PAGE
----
/Sedentary lifestyle linked to cancer mortality

Sedentary lifestyle linked to cancer mortality

A new study suggests that the total amount of time that people spend sitting is associated with a higher risk of death from cancer. Replacing some of this sedentary time with light physical activity appears to reduce the risk.

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Reducing the amount of time spent sitting may reduce the risk of death from cancer.

Getting regular physical activity is a proven way for people to lower their chance of developing cancer and dying from it.

The American Cancer Society recommend getting at least 150 minutes of moderate-to-vigorous physical activity each week.

However, research suggests that fewer than one-quarter of adults in the United States actually achieve this.

A more attainable goal may be to reduce the amount of time that we spend sitting.

An analysis of previous studies linked sedentary behavior to higher cardiovascular and cancer mortality. However, all these studies relied on people’s own reports of how much time they spent sitting.

The new study, by scientists at the University of Texas MD Anderson Cancer Center in Houston, drew on the data of 8,002 adults aged 45 years and older who joined the ongoing REGARDS study between 2003 and 2007.

As part of that study, the researchers strapped accelerometers to participants’ hips to provide an objective measure of their activity levels over a period of 7 days.

In the 5 years after this, 268 participants (3.3%) died of cancer.

The researchers found that participants with the greatest total sedentary time had a 52% increased risk of dying from cancer compared with those who had the least sedentary time. However, there was notable uncertainty as to the exact size of the effect, with the best estimate ranging from a 1% to a 127% increased risk.

Participants with the longest bouts of uninterrupted sedentary behavior had a 36% higher risk of cancer mortality compared with those with the shortest.

The researchers adjusted both results to account for other variables that might have affected cancer mortality, including the participants’:

  • overall physical activity levels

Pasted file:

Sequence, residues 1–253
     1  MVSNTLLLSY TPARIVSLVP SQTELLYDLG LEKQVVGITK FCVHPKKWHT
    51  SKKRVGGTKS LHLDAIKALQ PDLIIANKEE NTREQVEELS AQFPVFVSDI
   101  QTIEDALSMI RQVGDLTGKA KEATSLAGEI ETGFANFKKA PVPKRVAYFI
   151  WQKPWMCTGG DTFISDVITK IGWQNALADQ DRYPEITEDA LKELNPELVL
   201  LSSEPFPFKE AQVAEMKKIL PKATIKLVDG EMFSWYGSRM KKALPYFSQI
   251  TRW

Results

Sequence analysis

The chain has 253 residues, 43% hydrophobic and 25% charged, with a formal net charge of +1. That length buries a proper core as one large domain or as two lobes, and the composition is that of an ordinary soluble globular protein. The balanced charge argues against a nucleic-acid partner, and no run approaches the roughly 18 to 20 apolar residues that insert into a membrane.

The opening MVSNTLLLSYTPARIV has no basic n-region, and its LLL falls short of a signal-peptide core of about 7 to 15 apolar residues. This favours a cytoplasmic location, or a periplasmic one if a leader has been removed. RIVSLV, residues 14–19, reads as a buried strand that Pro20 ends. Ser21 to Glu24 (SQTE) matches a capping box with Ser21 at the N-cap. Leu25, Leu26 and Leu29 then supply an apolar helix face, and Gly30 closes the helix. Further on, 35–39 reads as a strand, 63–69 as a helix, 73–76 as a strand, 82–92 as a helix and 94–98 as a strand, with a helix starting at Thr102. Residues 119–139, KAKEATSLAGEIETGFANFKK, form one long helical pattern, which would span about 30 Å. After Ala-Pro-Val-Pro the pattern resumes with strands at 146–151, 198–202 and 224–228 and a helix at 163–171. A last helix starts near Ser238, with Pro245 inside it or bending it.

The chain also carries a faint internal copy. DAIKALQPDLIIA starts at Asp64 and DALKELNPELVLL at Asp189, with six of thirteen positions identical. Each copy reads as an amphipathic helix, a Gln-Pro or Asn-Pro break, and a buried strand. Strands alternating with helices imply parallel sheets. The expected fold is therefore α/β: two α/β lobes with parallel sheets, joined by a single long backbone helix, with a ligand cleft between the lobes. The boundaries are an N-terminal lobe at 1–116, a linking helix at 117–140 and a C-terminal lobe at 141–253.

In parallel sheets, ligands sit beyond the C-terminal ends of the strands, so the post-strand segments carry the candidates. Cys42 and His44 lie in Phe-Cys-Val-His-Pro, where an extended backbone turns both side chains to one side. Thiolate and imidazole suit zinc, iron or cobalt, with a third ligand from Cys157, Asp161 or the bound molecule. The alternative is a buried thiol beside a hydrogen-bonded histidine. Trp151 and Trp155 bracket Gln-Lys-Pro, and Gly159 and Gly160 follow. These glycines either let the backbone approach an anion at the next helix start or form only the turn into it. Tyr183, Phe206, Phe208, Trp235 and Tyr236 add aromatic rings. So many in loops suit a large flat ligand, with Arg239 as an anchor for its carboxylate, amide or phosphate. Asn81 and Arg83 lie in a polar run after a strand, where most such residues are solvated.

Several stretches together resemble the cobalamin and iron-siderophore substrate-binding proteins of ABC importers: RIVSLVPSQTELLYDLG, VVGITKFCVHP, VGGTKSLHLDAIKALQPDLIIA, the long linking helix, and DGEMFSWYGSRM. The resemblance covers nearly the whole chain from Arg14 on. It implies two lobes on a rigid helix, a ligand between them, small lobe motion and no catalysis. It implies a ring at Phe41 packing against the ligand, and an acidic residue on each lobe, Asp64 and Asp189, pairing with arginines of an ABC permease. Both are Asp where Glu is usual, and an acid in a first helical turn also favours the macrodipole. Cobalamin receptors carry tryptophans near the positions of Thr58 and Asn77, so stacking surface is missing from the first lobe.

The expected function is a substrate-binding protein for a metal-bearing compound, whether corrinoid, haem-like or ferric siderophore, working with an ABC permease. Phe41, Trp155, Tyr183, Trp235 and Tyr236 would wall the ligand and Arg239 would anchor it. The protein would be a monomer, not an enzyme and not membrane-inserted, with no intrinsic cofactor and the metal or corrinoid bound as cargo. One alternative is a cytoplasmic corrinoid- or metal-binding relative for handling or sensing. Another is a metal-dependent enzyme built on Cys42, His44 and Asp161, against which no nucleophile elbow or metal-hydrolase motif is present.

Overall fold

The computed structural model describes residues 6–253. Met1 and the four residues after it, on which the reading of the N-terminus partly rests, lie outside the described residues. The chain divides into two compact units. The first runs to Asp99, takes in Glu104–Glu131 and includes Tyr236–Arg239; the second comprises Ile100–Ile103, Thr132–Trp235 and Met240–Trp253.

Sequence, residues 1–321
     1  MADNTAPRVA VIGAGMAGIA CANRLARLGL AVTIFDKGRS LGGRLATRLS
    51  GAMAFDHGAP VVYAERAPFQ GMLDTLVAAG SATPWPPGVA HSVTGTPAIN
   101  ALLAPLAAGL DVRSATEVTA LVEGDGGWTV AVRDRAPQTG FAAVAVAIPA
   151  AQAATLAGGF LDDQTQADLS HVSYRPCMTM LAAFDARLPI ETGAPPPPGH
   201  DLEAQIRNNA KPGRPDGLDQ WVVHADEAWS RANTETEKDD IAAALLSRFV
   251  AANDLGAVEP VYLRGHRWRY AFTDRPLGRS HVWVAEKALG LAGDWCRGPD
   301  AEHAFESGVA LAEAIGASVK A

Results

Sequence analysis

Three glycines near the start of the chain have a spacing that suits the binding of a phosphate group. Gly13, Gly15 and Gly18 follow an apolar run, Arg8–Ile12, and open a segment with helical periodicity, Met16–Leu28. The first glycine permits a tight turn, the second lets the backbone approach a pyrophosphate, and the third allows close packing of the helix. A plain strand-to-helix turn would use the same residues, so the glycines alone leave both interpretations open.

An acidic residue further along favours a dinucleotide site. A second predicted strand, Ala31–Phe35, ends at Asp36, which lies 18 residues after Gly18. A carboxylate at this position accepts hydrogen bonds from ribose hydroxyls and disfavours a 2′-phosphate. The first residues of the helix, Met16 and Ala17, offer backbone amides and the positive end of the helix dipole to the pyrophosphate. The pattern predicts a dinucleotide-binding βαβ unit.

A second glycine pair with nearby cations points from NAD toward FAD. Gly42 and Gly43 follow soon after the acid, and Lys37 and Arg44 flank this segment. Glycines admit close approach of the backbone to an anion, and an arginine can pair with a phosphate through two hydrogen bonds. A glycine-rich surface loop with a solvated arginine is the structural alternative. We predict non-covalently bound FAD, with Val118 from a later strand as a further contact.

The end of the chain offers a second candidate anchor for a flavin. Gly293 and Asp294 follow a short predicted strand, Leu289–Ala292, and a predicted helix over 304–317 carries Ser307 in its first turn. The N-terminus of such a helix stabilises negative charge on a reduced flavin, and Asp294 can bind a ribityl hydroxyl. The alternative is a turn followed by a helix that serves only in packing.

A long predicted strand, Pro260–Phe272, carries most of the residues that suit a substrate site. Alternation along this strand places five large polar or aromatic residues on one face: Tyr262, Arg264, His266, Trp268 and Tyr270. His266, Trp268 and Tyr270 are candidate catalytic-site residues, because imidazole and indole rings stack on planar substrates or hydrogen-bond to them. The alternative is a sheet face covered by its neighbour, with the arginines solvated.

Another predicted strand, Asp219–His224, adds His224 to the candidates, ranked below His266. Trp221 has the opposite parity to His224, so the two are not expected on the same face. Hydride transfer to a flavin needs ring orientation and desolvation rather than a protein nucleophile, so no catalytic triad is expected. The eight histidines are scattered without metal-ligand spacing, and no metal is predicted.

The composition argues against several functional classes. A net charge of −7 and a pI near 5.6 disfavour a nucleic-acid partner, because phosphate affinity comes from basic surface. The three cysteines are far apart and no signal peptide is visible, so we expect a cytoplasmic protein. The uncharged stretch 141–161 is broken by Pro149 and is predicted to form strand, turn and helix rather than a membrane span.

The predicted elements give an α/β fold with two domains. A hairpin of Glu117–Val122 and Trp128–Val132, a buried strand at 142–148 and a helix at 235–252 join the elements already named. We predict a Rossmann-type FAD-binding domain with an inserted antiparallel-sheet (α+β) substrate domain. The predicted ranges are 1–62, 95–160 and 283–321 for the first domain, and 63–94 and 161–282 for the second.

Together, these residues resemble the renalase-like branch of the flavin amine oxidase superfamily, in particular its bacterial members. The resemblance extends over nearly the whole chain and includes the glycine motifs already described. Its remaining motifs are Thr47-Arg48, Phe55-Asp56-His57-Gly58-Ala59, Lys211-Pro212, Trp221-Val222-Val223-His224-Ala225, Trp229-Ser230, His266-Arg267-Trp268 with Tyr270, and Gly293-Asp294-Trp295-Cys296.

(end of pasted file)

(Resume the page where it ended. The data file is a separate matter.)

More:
• age
  • smoking status
  • alcohol consumption habits
  • body mass index (BMI)
  • preexisting conditions

To get an insight into the potential benefits of becoming less sedentary, the researchers modeled the effects of replacing 30 minutes of sedentary time per day with physical activity.

For moderate-to-vigorous exercise, such as cycling, this led to a 31% lower risk of dying from cancer. For light exercise, such as walking, this led to an 8% lower risk.

The researchers have now published these findings in JAMA Oncology.

“Conversations with my patients always begin with why they don’t have time to exercise,” says Dr. Susan Gilchrist, who led the study.

“I tell them to consider standing up for 5 minutes every hour at work or taking the stairs instead of the elevator. It might not sound like a lot, but this study tells us even light activity has cancer survival benefits.”

The results support the idea that persuading people to reduce their sedentary behavior, rather than just exercise more, could be an effective alternative way to reduce cancer deaths.

“Our findings reinforce that it’s important to ‘sit less and move more’ and that incorporating 30 minutes of movement into your daily life can help reduce your risk of death from cancer,” says Dr. Gilchrist.

In their paper, the authors conclude, “To mitigate the risks incurred from sedentary behavior, our results suggest that replacing sedentary time with either [light physical activity or moderate-to-vigorous activity] is associated with a lower cancer mortality risk.”

“These findings add to growing evidence in cancer research on the importance of reducing sedentary behavior and support the public health message that adults should sit less and move more to promote health and longevity.”

They also acknowledge that their work had some limitations. For example, they collected information about the participants’ other cancer mortality risk factors at the start of the REGARDS study. This took place 6 years before the researchers measured the participants’ activity levels.

During this time, their cancer mortality risk could have changed to some extent. For example, this would be the case if they started or quit smoking.

In addition, the study was unable to break down the risks of sedentary behavior according to the type of cancer.

This is important because previous research using self-reported activity levels suggests that sedentary behavior affects the risk of some cancers more than others.

“Our next step is to investigate how objectively measured sedentary behavior impacts site-specific cancer incidence and if gender and race play a role,” concludes Dr. Gilchrist.